I was lucky enough to attend a historic meeting San Francisco last weekend at CIIS, where the Association for Humanistic Pychology and the Association for Transpersonal Psychology formally held hands and promised to play nice in the sandbox again. Even though these two associations (representing the third and forth forces in American psychology) have a lot in common, it’s been dicey ever since the humanists were invited over to play at the Academy back in the 1970s. Why the split? It’s more about personalities than values. But that’s water under the bridge, and the organizations promise an enthusiastic renewal of joint research ventures.
Psychiatrist Eugene Taylor gave an amusing presentation about the history of psychology in America, focusing on how experiental psychology has continued to operate under the radar all these years, despite the Academy’s love affair with torturing rats. The future, as Taylor sees it, includes a further cross-pollination of existential and transpersonal depth psychology, a renewed neurophenomenology, and a movement towards intersubjectivity as the foundation of a person-centered science.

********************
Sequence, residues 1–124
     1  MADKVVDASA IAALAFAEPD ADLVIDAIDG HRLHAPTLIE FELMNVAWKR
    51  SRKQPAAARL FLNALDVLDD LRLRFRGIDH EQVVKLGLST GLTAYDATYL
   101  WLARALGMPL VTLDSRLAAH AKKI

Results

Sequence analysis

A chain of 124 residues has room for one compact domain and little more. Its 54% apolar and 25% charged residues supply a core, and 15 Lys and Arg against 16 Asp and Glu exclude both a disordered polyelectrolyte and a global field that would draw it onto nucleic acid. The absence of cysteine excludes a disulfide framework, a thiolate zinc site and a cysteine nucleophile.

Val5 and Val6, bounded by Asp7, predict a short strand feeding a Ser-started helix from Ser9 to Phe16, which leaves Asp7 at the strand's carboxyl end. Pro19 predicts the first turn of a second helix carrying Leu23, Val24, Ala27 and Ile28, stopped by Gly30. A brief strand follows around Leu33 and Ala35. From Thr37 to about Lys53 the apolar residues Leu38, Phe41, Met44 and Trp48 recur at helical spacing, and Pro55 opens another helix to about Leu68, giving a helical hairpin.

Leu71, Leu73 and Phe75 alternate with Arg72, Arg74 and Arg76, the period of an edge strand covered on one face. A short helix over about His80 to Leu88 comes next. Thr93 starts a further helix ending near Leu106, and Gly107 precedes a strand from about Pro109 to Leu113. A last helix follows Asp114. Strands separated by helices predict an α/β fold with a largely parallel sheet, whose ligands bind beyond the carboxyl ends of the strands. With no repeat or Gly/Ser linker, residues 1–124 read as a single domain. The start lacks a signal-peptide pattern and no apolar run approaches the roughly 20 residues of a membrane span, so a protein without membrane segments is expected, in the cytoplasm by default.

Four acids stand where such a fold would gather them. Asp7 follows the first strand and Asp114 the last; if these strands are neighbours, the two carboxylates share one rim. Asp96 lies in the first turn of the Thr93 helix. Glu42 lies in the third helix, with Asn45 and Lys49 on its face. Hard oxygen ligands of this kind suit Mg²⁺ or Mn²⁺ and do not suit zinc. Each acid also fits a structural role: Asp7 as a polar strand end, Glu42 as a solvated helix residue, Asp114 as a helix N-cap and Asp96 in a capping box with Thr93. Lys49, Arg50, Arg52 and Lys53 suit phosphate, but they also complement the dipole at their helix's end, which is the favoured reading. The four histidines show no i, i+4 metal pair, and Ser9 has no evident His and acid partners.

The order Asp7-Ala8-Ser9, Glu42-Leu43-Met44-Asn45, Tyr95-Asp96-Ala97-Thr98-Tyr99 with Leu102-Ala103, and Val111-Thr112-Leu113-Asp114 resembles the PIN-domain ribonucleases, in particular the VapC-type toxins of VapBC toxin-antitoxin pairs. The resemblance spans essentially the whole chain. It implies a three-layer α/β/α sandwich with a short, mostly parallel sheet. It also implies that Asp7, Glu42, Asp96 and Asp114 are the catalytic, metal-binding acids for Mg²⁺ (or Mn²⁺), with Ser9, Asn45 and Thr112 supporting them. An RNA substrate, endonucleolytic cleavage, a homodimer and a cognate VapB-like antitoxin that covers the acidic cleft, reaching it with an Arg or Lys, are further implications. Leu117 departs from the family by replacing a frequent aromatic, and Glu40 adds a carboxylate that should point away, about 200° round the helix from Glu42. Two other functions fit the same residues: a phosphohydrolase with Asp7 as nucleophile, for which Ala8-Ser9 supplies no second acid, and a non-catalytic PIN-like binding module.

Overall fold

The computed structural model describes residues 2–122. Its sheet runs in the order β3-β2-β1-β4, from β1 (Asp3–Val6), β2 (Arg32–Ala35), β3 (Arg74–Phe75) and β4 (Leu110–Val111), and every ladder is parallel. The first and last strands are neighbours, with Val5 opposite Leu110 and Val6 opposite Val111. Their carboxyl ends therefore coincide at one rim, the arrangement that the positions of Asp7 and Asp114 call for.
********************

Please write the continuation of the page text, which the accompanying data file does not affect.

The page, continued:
That’s a mouthful, but what does it mean for consciousness studies? It means it’s gonna get interesting again at the white coat conventions. Objectivity is under scrutiny in an unprecedented way. Introspectionism is making a comeback (although few would dare use the “I” word). Technology and meditation are becoming closely linked tools. As Andrew Weil would say, this is a marriage between the sun and the moon. Truthfully, the union of these two sister organizations is a small step towards a unified field of knowledge, that holy grail of Western thinkers, but it does mean we”re a little closer to bridge that gap between the sciences and humanities.
I”m most excited about the potentials for neurophenomenology, especially for dream studies. Lucid dreaming research, my first love, is one field of study that is poised to cross the divide between third-person science and first-person data collection methods. At the end of the day, our technology is only as useful as our ability to describe what is happening on the inside.
So let’s hear it for laying down arms and working together! Now on to the hard problem.